The title of the piece, by Montgomery correspondent Anthony McCartney, is "School ties bind many members of Legislature," and its main theme is the number of members who are either teachers themselves or have a close relationship to the education industry. Since you are reading this, you are doubtless a well informed citizen who already knows this. Nevertheless McCartney gives a good review of this troubling issue, a review which you will find useful.
This is not, however, the thing that is most compelling in the article. No, it's the sub-theme on the continuation page, where the AEA moves from the background to the foreground. There we find that "Paul Hubbert, head of the Alabama Education Association, widely considered Montgomery's most powerful lobby, said he believes voters have more power than he does."
Oh, how modest of Paul! He says he believes voters have more power than he does. Which is another way of saying that, well, he's not absolutely sure that he doesn't have more power than all the rest of us put together. Nor is this subtle boast entirely unjustified.
As a case in point let us briefly flick our eyes over in the direction of Rep. Howard Sanderford. Now, Howard is my very own representative and a good friend. He lives only a cannon shot away from the place where I sit working at this keyboard. Howard is a good Baptist, a Republican, and generally a conservative. Yet he voted for Mr. Hubbert's ill-advised teacher pay raise when it was clear that there was no money in the till to pay for it, and that it would contribute to the fiscal straits that we are in now. Why on earth would Howard do that?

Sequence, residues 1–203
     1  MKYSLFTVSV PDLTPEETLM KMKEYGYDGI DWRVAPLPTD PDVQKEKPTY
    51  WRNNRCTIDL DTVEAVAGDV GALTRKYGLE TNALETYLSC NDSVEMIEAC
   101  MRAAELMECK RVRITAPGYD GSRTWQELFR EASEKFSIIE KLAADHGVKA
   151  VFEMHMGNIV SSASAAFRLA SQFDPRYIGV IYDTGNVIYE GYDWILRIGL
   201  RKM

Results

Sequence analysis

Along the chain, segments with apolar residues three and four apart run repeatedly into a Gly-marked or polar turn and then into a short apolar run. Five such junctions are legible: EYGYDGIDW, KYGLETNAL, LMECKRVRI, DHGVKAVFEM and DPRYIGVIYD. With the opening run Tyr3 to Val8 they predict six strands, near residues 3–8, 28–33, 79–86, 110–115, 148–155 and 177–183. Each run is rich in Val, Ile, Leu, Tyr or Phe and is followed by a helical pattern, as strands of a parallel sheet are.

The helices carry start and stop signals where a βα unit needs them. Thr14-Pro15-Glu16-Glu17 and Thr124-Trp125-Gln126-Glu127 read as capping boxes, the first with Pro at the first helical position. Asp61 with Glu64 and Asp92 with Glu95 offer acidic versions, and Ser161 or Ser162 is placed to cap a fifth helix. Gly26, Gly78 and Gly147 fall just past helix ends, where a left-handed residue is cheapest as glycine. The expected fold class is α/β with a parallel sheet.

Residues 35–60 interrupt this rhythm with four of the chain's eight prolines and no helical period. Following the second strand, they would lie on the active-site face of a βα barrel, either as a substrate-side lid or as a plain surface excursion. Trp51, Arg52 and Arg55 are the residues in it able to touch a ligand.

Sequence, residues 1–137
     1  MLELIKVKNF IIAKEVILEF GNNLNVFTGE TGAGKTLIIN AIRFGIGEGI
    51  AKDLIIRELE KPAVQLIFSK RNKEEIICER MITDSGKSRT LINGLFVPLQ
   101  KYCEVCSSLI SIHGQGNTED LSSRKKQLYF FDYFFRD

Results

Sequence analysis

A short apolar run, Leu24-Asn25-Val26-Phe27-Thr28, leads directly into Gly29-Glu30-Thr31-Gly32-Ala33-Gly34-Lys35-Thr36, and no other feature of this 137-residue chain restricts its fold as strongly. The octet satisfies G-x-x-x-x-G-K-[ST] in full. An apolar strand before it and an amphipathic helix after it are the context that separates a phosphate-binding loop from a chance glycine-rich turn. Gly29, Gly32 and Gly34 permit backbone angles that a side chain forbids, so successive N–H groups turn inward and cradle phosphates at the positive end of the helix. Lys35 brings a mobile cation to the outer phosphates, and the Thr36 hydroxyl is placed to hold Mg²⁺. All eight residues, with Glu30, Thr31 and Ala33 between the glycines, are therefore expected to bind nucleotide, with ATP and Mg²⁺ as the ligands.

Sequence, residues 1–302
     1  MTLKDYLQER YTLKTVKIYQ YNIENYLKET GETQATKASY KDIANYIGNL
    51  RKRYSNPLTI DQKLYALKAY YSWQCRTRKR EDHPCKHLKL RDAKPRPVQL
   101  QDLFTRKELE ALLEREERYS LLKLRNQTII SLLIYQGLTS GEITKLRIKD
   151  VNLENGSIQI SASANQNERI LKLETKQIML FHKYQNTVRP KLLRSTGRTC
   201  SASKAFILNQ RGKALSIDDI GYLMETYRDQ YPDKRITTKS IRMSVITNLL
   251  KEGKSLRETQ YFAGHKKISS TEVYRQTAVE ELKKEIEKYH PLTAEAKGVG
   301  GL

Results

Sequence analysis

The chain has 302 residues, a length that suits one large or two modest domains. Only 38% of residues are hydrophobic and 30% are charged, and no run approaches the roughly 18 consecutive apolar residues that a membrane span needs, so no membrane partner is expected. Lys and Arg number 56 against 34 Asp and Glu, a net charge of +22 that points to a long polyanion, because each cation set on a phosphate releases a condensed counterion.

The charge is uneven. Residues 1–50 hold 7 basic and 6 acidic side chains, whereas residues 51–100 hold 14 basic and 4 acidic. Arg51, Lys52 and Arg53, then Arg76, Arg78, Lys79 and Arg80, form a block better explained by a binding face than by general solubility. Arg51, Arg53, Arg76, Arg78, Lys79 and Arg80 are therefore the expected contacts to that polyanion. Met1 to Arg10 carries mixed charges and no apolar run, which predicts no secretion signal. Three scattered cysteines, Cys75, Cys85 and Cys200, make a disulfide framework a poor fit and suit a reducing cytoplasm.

Times reporter McCartney gives us the answer: "Rep. Howard Sanderford, a Huntsville Republican who owns a computer leasing business, admitted at the time he voted for the raise to avoid the education lobby's wrath," he wrote.
Here is a message coming in over a clear channel free of static: A good Republican like Howard Sanderford felt that he was forced to vote for a bill that was contrary to the interest of the state because of the brute, intimidating force wielded by Paul Hubbert and his teacher's union. I mention Howard not to ostracize him but to emphasize the poignancy of the point.
Nor is Howard alone. The corrupting force of the AEA affects everyone in Montgomery. But most of us are not in any public office, and so are immune to the Machiavellian Mr. Hubbert. It is up to us, therefore, to curb his excesses, and the place for us to start is within our own party.
I had fruitful discussions with other Republicans this past weekend, and we are working on plans. Meanwhile please let us have your ideas.
Madison County, Place 1
State Executive Committee